The Dangers of Pulling Out of a HDB BTO Flat Purchase 

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Have you thought of the risks involved from pulling out a  BTO flat purchase? If not, read this post extracted from MoneySmart’s Blog to have a clearer picture of the losses you can incur from backing out.

It was not so long ago when getting allocated a HDB Built-to-Order (“BTO”) flat was as difficult as striking the lottery. Hence, it was not uncommon for dating couples to submit an application for a new flat just for fun, since it was so difficult to get one anyway. And the cost of doing so was pretty negligible, just $10. Stories of friends who were serious about settling down but vexed with failing to get a BTO after 6-7 tries (over 1-2+ years) were not uncommon. If only one could trade options for BTO… you can imagine how hot the market would be.

Fast forward to today, things have improved and the backlog of first-time BTO applicants has largely been cleared. Getting allocated a BTO is no longer so difficult. However, for couples who apply under the Fiance/Fiancee scheme, keeping the BTO or the relationship for that matter hasn’t gotten easier. Statistics show that 22% of those who apply for BTOs subsequently give it up within the next 4 years. 1 in 5 couples is quite a high statistic.

Sometimes, life happens. Despite the best intentions, relationships don’t work out. And due to the peculiarity of our system, many couples do ballot for flats before they get married, some even before the proposal. BTOs take a few years to build, during which time most of these couples do register for their marriages and collect the keys to their BTOs. However, what happens to couples who break up?

There are a few scenarios, depending on when the decision to give up the flat happens.

Scenario 1: You pull out of purchasing your BTO after selecting a flat unitAt this stage, you have gone for your HDB appointment to select a particular unit. The HDB officer briefs you on the procedures and financing options, including applying for a HDB loan. You pay a $2,000 option fee for a 4-5 room flat or $1,000 for a 3-room flat.

Basically, what you have now is the option to a brand new BTO. Substantial consideration has probably gone into choosing your ideal block, floor, facing and unit number for the estate you had initially balloted for. Depending on your queue number, you may have had choice pickings if you are at the front of the queue, one of many average units if you are somewhere in the middle, or if your queue number exceeds the number of units available, you hoped and prayed that people before you would give up on the selection so you would get a unit. Or you may pass on this round and ballot again in the next new launch of BTOs in order to select a choice unit.

It will probably be up to 4 months before your next appointment to sign the Agreement for Lease with HDB.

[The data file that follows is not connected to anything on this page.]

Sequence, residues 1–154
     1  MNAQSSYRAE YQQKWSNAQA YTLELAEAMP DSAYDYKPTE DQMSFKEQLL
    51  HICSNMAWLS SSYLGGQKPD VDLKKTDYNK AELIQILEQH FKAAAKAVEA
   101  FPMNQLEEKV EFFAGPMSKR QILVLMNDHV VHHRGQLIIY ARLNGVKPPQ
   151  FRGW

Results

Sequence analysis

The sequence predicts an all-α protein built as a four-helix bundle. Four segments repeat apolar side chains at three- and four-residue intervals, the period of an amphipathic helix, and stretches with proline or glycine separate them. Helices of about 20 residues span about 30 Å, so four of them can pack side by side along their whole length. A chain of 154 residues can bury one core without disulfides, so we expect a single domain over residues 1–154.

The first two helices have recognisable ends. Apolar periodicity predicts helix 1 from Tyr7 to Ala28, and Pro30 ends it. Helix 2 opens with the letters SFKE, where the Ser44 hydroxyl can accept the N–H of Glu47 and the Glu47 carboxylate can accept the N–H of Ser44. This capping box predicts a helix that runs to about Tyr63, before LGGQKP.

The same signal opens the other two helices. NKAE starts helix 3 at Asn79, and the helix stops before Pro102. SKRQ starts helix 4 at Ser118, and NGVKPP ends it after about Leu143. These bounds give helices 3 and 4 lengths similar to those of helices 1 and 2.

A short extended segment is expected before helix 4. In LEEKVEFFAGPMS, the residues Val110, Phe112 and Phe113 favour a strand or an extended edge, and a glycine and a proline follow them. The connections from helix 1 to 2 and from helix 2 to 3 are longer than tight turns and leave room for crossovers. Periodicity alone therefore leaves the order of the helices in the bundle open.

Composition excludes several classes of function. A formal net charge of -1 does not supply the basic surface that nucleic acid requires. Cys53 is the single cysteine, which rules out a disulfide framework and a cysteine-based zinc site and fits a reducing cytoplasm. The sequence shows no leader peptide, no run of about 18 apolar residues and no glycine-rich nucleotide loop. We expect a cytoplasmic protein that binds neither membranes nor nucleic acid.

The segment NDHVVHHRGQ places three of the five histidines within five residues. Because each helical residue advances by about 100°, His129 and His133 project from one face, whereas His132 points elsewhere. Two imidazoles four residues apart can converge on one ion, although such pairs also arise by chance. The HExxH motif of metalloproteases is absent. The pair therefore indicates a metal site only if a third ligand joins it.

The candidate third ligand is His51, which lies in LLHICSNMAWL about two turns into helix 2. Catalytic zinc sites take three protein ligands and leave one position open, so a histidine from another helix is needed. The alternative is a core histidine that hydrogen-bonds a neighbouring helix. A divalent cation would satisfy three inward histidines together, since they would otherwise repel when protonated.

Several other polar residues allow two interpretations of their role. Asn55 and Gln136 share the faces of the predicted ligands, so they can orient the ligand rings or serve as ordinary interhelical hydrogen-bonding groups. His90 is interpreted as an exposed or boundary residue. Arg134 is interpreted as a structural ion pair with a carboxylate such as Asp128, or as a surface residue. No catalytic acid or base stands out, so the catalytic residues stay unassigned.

What happens if you pull out now?

  1. You forfeit your $1,000 or 2,000 option fee, and
  2. You are barred for ONE year from the date of cancellation of your BTO before you can apply for another BTO, including DBSS, EC; or a resale flat with CPF housing grant or which has been announced for SERS.

So you lose some money, and incur a one-year opportunity cost before you are able to select a HDB flat again.

Scenario 2: You pull out of purchasing your BTO after signing the Agreement for Lease before collection of keysNow, this starts to get serious.

If you pull out of your BTO flat purchase after signing the Agreement for Lease, you stand to lose:

  1. 5% of the flat purchase price,
  2. Any expended legal and stamp fees, and
  3. You are barred for ONE year from the date of cancellation of your BTO before you can apply for another BTO, including DBSS, EC; or a resale flat with CPF housing grant or which has been announced for SERS.
  4. Not to mention, if you have signed on a bank’s letter of offer, you may be subject to cancellation penalties.

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Pulling out of a HDB BTO purchase can potentially burn $10k to $30k of your hard-earned money.

Not to mention potential penalties from cancelling any mortgage taken from your bank. Cancellation fees can be a % of your mortgage amount. Assuming a 80% loan, and a 1.5% cancellation fee, this can incur another $2.4k to $4.8k monetary loss for you.

Not a pretty picture. For DBSS or EC, forfeiting a unit would incur even more severe losses of 20% of your purchase price, instead of 5% for HDB BTOs. Of course it would be better to be certain of your relationship before applying for and signing the Agreement for Lease. However, such things are easier said than done. One can only take comfort in the fact that money lost can be earned again. Relationships lost can be built again. Also, if you were to half the losses among both parties, it could make it less painful.

Credits: MoneySmart

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